Auto Wrecker in Howard Beach, New York City
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Howard Beach is in the southwest part of the borough of Queens in New York City. The Belt Parkway and Conduit Avenue bound the neighborhood in Ozone Park to the north, Jamaica Bay in Broad Channel to the south, 102nd–104th Streets in South Ozone Park to the east, and 75th Street in East New York, Brooklyn to the west. Predominantly, the neighborhood features low-rise, single-family homes.
In 1897 William J. Howard, a Brooklyn glove manufacturer, established Howard Beach. He ran a 150-acre goat farm on meadow land near Aqueduct Racetrack to source skin for kid gloves. In 1897, Mr. Howard purchased additional land and filled it. By the following year, he had constructed 18 cottages and opened a hotel near the water. However, a fire destroyed the hotel in October 1907. Continually acquiring more property, Howard formed the Howard Estates Development Company in 1909. By 1914, after dredging and filling, he had amassed 500 acres. He then installed several streets, water mains, and gas mains and built 35 houses priced between $2,500 and $5,000.
The 2010 United States census reported that Howard Beach had a population of 26,148, showing a decrease of 1,973 (or 7.5%) from the 28,121 recorded in 2000. Spanning 1,471.79 acres (595.61 ha), the neighborhood’s population density was 17.8 residents per acre (11,400/sq mi; 4,400/km2). Racially, 76.8% (or 20,069 people) identified as White, 1.6% (413) as African American, 0.1% (28) as Native American, 3.5% (923) as Asian, 0% (5) as Pacific Islander, 0.2% (62) from other races, and 1% (249) from mixed races. Hispanics or Latinos of any ethnicity comprised 16.8% (or 4,399) of the residents. By 2022, half of the community identified as Italian or had Italian roots.
The NYPD’s 106th Precinct patrols Howard Beach, southern Ozone Park, and South Ozone Park. You can find the precinct at 103-53 101st Street. In 2010, the 106th precinct ranked as the 26th safest among the 69 patrol areas when comparing per-capita crime. The area’s proximity to the Belt Parkway, a significant travel route, contributes to a high rate of car thefts. As of 2018, Howard Beach and South Ozone Park had a non-fatal assault rate of 32 per 100,000 people, which is lower than the city’s average. The area’s incarceration rate, at 381 per 100,000 people, also sits below the city’s average.
Crime rates in the 106th precinct have declined since the 1990s. Crimes across all categories dropped by 81.3% from 1990 to 2018. In 2018, the precinct reported six murders, 16 rapes, 183 robberies, 246 felony assaults, 133 burglaries, 502 grand larcenies, and 97 auto grand larcenies.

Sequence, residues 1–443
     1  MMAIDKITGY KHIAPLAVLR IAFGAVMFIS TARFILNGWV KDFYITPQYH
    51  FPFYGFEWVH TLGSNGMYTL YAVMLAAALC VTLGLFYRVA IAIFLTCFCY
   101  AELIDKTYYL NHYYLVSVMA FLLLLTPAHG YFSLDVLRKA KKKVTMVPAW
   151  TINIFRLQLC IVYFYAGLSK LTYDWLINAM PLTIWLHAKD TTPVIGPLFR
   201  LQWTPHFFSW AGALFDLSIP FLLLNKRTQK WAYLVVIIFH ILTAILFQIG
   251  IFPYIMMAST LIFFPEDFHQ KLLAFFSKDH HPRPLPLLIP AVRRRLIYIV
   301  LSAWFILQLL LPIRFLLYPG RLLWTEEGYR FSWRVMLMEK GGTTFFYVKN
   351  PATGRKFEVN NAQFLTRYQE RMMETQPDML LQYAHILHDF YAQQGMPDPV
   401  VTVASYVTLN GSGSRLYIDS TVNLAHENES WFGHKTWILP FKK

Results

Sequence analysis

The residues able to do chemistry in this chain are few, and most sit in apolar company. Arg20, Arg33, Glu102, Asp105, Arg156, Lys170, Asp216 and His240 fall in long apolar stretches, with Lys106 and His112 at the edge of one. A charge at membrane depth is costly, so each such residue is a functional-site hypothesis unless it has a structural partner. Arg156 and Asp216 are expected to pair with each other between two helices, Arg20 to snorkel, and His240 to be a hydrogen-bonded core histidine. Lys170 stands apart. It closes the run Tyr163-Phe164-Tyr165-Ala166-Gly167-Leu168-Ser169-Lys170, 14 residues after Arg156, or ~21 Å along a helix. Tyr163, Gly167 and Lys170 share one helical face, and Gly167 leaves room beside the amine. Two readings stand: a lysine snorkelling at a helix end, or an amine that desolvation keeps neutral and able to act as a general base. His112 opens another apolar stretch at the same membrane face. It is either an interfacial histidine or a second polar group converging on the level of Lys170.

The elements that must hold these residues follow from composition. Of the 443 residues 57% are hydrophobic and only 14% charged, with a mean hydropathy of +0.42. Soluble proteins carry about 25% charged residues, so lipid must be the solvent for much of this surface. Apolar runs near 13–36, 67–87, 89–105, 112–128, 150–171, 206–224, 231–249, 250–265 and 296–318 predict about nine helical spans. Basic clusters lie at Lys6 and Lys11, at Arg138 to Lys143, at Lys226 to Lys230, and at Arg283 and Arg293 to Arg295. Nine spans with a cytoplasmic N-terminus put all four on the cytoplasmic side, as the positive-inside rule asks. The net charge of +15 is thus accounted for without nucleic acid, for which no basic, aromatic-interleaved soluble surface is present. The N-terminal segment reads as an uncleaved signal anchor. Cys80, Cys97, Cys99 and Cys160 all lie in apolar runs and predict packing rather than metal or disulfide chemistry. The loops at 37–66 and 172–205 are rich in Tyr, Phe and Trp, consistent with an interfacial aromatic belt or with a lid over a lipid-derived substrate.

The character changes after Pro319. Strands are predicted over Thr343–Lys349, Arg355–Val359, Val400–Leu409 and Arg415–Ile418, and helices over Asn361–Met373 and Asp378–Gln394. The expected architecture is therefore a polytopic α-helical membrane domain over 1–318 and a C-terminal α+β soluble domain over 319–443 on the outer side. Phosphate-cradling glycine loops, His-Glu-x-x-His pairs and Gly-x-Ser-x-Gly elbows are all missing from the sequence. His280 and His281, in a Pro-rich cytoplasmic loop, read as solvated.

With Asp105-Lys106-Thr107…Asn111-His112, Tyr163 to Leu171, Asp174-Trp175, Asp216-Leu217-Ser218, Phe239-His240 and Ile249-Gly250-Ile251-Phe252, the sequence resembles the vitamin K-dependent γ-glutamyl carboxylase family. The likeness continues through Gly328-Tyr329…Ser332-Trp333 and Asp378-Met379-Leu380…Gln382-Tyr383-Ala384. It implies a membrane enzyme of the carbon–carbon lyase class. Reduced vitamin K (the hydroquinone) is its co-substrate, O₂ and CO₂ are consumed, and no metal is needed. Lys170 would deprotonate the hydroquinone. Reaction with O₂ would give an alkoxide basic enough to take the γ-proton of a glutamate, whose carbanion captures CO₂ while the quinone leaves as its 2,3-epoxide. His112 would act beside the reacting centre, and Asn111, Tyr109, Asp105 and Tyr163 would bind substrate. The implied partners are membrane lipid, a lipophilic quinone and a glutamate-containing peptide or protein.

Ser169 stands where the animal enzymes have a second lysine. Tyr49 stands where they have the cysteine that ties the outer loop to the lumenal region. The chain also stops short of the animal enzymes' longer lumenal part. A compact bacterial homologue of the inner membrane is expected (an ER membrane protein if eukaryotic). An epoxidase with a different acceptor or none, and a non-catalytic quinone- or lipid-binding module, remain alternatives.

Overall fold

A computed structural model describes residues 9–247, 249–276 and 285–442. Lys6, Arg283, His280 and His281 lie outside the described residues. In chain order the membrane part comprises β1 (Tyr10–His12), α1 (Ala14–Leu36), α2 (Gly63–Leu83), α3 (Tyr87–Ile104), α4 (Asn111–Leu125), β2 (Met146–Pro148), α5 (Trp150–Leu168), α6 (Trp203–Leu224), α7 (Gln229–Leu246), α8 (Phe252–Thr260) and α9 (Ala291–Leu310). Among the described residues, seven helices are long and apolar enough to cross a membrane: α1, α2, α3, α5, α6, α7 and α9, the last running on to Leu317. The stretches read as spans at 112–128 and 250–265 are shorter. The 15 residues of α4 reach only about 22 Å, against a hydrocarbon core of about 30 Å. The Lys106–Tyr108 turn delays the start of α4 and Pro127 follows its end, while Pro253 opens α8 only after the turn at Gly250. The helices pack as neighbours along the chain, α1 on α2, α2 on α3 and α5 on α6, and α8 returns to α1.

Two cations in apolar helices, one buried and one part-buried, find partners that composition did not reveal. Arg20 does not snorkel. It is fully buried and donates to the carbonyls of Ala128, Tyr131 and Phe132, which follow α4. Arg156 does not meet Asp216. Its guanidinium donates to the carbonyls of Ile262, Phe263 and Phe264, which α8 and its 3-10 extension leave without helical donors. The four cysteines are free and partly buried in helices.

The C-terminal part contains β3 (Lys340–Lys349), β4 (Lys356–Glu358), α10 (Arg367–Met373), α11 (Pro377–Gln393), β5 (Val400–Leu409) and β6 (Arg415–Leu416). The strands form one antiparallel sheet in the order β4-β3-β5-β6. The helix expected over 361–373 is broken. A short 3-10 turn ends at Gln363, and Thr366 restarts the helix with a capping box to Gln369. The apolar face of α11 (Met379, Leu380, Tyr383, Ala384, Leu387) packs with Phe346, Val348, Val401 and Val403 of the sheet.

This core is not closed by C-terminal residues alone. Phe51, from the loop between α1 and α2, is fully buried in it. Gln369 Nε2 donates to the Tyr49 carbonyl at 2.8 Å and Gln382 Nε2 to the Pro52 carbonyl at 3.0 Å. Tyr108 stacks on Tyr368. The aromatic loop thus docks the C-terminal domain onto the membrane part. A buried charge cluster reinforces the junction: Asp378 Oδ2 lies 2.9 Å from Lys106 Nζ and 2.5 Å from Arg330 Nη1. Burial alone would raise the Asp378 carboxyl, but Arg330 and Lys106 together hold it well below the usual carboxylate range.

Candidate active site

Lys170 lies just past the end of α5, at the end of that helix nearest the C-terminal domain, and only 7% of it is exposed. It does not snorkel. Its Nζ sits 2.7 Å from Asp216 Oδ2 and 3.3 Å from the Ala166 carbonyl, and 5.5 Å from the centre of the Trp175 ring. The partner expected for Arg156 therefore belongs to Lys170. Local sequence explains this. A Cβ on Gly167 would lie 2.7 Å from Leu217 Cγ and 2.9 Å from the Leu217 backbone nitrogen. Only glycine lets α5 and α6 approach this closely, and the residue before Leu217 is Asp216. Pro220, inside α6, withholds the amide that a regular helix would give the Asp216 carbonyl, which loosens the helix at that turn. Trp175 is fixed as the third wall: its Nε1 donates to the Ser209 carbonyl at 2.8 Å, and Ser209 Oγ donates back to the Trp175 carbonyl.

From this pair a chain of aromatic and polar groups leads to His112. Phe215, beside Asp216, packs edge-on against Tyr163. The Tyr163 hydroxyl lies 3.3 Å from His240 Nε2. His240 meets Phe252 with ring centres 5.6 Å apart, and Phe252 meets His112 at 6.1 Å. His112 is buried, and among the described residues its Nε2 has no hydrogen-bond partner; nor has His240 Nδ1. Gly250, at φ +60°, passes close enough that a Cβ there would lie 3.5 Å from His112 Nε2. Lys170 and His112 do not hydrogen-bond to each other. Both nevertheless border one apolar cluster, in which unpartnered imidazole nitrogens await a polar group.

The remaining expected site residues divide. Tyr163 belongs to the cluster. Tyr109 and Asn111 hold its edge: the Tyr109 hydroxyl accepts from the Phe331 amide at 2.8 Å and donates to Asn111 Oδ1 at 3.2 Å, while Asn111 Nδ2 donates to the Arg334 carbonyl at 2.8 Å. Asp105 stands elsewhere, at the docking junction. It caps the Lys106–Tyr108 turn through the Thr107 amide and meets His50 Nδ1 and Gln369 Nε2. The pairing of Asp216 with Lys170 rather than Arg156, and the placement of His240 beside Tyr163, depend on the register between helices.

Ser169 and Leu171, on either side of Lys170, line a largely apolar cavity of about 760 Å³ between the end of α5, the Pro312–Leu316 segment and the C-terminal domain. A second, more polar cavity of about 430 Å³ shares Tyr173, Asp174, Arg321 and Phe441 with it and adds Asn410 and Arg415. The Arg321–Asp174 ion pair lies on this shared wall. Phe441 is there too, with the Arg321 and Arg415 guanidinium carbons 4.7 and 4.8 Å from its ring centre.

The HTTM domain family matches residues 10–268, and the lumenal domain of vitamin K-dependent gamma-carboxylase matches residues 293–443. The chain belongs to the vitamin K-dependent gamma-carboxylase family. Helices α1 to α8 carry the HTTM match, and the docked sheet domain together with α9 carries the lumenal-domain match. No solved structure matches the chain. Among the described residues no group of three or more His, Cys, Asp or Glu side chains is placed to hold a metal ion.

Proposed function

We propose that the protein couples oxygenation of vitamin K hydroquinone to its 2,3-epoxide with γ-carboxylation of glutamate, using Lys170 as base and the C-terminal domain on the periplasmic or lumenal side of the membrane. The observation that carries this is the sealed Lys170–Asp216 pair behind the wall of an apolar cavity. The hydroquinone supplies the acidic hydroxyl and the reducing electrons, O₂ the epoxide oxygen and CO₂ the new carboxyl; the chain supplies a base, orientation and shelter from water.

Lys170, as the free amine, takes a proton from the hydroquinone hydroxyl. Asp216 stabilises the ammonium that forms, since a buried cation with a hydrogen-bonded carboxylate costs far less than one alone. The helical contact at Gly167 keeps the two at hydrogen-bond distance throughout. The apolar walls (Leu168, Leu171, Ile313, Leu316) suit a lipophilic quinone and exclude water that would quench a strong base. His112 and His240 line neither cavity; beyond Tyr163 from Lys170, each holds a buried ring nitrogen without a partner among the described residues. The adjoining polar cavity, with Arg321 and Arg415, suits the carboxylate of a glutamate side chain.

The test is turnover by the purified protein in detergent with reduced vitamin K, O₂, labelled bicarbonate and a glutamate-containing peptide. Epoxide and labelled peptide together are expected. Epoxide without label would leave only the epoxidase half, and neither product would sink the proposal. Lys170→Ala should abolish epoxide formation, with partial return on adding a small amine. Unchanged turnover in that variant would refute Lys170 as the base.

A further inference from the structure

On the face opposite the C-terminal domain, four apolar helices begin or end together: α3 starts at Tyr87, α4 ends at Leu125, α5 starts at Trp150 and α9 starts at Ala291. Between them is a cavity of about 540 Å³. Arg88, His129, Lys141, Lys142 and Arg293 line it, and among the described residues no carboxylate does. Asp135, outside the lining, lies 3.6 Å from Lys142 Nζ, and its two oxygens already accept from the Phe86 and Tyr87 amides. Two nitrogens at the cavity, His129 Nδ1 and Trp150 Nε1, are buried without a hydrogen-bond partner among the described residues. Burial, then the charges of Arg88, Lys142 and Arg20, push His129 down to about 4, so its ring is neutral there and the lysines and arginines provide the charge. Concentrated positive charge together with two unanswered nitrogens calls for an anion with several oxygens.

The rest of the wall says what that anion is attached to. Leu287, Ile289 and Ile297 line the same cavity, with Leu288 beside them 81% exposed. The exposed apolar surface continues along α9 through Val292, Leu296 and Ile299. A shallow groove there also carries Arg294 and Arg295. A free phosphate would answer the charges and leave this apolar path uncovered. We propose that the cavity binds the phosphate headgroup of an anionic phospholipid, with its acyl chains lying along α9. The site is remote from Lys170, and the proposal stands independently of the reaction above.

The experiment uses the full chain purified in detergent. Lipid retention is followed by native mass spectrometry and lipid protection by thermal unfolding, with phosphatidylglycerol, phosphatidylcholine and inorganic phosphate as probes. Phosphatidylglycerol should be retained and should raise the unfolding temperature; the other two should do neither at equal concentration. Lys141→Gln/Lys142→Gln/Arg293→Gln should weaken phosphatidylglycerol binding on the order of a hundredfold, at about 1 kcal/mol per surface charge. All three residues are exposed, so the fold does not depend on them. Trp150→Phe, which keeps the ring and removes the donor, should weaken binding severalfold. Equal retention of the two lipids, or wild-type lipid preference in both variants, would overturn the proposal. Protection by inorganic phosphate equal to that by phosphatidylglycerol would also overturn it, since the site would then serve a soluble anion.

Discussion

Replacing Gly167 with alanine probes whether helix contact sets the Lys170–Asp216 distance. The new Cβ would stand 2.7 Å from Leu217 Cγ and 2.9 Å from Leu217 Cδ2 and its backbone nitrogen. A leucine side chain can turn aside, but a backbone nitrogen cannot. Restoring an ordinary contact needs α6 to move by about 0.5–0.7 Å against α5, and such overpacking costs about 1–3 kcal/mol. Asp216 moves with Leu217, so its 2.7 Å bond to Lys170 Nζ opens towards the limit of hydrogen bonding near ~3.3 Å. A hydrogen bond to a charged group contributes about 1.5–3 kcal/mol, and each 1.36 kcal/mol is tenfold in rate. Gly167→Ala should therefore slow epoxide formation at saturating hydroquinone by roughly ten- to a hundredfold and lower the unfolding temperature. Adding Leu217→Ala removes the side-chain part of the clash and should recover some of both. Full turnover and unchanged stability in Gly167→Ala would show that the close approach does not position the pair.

Local bus services include the Q11, Q21, Q41, Q52 SBS, and Q53 SBS lines which serve the neighborhood. The Metropolitan Transportation Authority operates all these routes. Additionally, the express buses in the area include the QM15, QM16, and QM17.
The Howard Beach–JFK Airport station of the New York City Subway, part of the IND Rockaway Line (A train), used to be a Long Island Rail Road station on the Rockaway Beach Branch. Fires frequently broke out on the trestle to Broad Channel, pushing the LIRR into Chapter 11 bankruptcy in the 1950s. This situation paved the way for New York City Transit to buy the line in 1956. This station connects the A train with the Howard Beach JFK AirTrain route. Before the AirTrain JFK started operations, the Port Authority offered a complimentary shuttle bus service to the JFK Airport terminals.
Howard Beach boasts several educational institutions catering to its residents’ needs. PS 146, known as The Howard Beach School; PS 207, named The Rockwood Park School; and PS 232, called The Walter Ward School, serve the community’s elementary needs. St. Helens Catholic School, under the Roman Catholic Diocese of Brooklyn, also provides education from kindergarten through 8th grade.
In the past, before the public elementary schools transitioned to K-8 models, Howard Beach students who attended PS 207, PS 232, or PS 146 would continue their education at Junior High School 202, named Robert H. Goddard Junior High School, for grades 7–8. Conveniently situated at the northwest corner of Conduit Boulevard and Lafayette Place, a footbridge spans over Conduit Boulevard to facilitate southern Howard Beach students’ commute. Some students even attended JHS 202 in their 9th-grade year. For their high school years, students could attend their zoned school, John Adams High School in Ozone Park. Alternatively, they could enroll in specialty high schools such as Beach Channel High School in Rockaway Park or Catholic institutions like Christ the King, St. Francis Prep, Stella Maris, or Archbishop Molloy. Unfortunately, in July 2020, the community received the saddening news about the closure of Our Lady of Grace Catholic School. The Diocese took possession of the property and opted to shut down the school’s educational aspect, mainly due to financial challenges indirectly stemming from the COVID-19 pandemic.
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